Lovely trip report! Embrace the rain! I love the Smokies no doubt. One knit though, and it’s personal….
If you look at the map of the Smokies, half is on the Tennessee side and half is in NC (I’m from NC) I’m very familiar with Eagle Creek and Forney Creek. The AT straddles the TN/NC line . The song Rocky Top is about Thunderhead on the AT, and it pines about Tennessee but is in fact on the TN and NC border. And really, the NC side is quite a bit prettier, IMHO! Perhaps if you had parked on the good side :’)
Seriously, I’m doing an 8-day trip on both sides of this wonder in 2 weeks and I’m ready for rain, snow or whatever. I loved your report and I’m ready to roll!
Thanks for the write up.
Happy Trails- RussJan 14, 2020 at 5:42 pm #3627113
Great trip report! You really covered a lot of the west end. Any chance you might post that spreadsheet for meal planning? What a great idea!
The Cold Springs Gap problem is familiar. I keep a park service .pdf trail map in the maps folder on my hard drive for reference to see what “traffic” is allowed on the trails. Watch out for the “dotted” trails. The worst ones seem to be those crossing a ridge from one drainage to the next like that one; which leads from Hazel over to Forney. When they are at the highest point of the ridge crossed by a “dotted” trail and the trail/ridge is steep, they get really torn up by the horses. There usually doesn’t seem to be any visible evidence of trail maintenance or repair. It’s often beyond annoying or inconvenient and into the territory of dangerous. Luckily you were going up and not down. Imagine going down that thing when it’s wet.
PS: Russ; I pointed that out to a nice group of UT students I crossed paths with “high on Rocky-Top” one Saturday afternoon.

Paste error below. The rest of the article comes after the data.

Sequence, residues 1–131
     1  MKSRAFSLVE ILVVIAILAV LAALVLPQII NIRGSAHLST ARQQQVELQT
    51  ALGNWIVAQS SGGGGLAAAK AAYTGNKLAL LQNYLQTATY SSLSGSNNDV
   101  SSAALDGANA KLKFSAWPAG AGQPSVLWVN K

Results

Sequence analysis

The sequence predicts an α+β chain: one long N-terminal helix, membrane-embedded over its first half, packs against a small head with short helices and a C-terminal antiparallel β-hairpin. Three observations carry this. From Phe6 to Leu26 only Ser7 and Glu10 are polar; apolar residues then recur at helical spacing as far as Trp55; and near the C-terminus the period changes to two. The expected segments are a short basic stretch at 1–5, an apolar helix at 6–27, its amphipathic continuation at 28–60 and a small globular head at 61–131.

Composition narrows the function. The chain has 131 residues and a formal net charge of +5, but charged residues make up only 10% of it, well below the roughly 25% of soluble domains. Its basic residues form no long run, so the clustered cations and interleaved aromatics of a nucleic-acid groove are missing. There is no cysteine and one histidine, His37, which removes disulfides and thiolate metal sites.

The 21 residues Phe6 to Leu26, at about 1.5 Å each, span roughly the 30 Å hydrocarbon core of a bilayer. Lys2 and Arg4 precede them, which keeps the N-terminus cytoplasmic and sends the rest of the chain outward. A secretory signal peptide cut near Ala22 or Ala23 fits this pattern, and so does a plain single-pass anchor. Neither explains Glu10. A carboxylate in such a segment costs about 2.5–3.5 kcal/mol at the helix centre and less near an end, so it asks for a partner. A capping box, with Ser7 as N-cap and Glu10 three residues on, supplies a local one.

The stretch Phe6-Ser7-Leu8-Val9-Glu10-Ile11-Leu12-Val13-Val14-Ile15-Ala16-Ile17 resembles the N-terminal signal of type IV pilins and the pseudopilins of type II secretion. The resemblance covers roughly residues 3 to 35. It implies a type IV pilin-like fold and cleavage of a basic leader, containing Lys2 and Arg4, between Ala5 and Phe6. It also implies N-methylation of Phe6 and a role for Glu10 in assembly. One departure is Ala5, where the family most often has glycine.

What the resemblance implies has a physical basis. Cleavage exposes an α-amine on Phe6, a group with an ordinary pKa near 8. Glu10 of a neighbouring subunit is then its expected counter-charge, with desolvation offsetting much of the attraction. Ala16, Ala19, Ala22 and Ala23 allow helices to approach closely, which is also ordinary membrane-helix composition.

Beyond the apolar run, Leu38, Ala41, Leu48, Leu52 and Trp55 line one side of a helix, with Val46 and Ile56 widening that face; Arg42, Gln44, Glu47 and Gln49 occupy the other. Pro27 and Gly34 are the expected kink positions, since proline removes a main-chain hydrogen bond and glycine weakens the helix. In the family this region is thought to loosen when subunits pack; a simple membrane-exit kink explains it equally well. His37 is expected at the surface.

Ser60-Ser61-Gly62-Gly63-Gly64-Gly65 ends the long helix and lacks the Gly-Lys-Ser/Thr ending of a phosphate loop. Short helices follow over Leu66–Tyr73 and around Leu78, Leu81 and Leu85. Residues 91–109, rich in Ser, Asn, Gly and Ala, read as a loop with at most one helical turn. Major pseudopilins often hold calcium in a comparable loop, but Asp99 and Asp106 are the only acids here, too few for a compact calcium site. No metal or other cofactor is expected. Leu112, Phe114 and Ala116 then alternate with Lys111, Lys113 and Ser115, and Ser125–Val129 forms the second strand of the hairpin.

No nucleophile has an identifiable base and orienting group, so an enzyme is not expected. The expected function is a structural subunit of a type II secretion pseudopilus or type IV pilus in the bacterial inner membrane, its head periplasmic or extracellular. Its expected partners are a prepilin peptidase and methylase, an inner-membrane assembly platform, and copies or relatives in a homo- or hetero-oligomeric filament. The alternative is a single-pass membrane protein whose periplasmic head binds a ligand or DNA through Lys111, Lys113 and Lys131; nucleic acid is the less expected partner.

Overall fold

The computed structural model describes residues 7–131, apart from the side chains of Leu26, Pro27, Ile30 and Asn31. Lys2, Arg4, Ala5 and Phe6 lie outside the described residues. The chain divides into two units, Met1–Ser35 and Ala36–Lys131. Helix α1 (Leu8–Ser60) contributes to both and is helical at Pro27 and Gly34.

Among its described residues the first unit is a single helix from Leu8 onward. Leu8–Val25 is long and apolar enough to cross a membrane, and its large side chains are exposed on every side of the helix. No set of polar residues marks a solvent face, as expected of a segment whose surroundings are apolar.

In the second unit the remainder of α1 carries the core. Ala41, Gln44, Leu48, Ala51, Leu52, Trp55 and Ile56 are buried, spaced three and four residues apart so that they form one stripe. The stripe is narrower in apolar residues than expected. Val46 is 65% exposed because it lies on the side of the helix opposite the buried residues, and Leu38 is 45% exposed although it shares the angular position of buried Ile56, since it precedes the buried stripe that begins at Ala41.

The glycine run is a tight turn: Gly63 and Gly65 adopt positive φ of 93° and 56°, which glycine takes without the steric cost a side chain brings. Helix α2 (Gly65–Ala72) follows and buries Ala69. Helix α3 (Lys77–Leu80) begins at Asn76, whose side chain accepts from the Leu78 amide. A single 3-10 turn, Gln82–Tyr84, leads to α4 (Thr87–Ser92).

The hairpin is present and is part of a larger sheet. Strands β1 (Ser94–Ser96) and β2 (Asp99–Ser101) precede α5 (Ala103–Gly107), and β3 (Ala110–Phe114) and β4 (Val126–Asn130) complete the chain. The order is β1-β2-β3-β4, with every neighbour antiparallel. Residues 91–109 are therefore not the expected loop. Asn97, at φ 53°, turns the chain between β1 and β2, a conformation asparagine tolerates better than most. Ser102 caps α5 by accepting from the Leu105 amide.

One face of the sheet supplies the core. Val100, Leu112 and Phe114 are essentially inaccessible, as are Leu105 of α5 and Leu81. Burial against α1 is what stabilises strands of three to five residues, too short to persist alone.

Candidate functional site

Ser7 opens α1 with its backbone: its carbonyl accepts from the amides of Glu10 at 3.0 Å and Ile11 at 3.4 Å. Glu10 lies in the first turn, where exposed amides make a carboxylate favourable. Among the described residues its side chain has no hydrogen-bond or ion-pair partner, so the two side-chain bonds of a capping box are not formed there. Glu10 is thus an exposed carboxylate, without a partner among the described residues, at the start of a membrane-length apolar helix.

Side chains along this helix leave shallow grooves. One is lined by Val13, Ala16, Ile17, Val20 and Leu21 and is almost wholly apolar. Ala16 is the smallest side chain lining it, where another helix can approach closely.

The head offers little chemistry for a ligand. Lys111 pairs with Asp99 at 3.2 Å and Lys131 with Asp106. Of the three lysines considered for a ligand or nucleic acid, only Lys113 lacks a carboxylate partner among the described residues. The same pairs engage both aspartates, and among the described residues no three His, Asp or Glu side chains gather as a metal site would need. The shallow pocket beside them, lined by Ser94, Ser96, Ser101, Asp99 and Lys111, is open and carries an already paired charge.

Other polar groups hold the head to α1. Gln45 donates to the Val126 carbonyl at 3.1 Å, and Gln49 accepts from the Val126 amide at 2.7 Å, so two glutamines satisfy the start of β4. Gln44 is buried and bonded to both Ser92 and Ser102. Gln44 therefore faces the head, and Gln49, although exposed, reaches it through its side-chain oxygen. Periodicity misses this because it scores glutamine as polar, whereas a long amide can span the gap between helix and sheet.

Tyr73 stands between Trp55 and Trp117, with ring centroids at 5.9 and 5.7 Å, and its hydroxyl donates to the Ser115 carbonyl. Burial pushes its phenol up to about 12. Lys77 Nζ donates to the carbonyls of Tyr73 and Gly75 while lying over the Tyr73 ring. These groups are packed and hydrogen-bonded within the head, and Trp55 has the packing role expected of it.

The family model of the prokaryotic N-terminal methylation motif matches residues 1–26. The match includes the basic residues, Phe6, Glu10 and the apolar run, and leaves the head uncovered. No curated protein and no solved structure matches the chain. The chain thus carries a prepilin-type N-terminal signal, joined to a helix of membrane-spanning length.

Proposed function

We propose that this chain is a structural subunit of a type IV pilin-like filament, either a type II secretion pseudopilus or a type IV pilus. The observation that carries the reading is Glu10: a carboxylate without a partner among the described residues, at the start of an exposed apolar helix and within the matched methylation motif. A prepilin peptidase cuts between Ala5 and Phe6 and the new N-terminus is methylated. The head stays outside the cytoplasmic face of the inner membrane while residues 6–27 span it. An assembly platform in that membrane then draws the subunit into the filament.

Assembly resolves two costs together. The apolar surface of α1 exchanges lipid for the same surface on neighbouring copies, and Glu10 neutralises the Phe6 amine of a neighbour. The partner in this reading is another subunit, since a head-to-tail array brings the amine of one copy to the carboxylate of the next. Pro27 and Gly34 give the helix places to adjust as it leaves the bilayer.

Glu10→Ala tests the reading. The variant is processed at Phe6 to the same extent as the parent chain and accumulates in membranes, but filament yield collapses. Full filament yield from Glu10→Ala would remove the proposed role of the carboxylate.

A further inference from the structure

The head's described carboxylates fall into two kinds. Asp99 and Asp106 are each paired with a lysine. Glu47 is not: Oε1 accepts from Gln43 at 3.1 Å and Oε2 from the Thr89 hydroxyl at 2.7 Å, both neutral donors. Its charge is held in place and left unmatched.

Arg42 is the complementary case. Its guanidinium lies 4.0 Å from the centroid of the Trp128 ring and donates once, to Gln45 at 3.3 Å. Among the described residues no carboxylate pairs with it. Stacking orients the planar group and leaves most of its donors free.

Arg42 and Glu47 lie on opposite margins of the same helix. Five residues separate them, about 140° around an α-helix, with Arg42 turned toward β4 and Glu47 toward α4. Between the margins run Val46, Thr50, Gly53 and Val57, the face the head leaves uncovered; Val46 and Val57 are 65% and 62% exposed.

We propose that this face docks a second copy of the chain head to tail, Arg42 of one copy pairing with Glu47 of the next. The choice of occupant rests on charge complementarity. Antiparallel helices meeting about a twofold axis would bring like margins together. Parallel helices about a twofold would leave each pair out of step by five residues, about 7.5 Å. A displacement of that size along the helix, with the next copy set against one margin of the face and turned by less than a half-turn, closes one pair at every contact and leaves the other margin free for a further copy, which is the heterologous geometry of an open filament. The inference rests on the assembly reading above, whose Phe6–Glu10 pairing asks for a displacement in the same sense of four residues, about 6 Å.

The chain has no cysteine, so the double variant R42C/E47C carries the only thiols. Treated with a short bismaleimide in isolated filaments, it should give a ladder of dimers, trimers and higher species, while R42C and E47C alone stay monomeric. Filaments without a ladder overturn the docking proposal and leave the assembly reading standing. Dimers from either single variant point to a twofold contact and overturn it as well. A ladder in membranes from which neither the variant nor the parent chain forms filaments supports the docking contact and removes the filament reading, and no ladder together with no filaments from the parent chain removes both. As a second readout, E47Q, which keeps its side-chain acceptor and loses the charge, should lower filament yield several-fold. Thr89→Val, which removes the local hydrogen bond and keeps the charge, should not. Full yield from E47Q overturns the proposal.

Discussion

Your pep song is about a mountain in North Carolina? You can change the syllable emphasis a little and sing it
High on Rocky Top….Rocky Top N C…. Rocky Top N C.
That was fun and they didn’t gang up on me though I was completely outnumbered.
Then there’s the joke about why the Volunteer’s favorite color is orange. Told to me by an “Ol Miss fan….. which splains everything….. ;Jan 14, 2020 at 7:09 pm #3627127
Tipi WalterBPL Member
We have our own Rocky Top in TN—it’s located on the Benton Mackaye trail at 4,000 feet between Sled Runner Gap and Sandy Gap.
I was just on it in December—Jan 14, 2020 at 8:32 pm #3627147
Hey Walter, that dashed line between Monroe County. TN and Cherokee county NC that runs right over the highest part of that Rocky Top ummm that’s the state line right? You’re killing me! Hey and what’s with the “we” stuff? Did you move west?
Been reading your posts lately about the Snowbirds etc. BTW. Spent a few days end of October at the Swann Cabin. Great way to camp out! That’s some great country but it’s just Soooo far from the Outer banks…9 hour hustling!
Now I’ll apologize for the thread drift and back to your regularly scheduled programming. But hey if I lived in Knoxville or Chattanooga or anywhere in Eastern TN, GA, ALA etc I’d be seriously exploring that area. Wait what did I just suggest?
Jan 14, 2020 at 8:57 pm #3627157
- This reply was modified 1 week, 4 days ago by obx hiker.
Great report! Congratulations on the excellent recovery from your surgery. I have a couple of questions. First, what are the lowest and highest temperatures you encountered and were you warm enough? Second, did you miss not taking the rain pants? Third, do you have an equipment list for your companion? Was she happy with her tent? Finally, not having ever hiked there, it looks like all forest. Do you ever climb up high enough to see anything but trees?Jan 15, 2020 at 9:48 am #3627203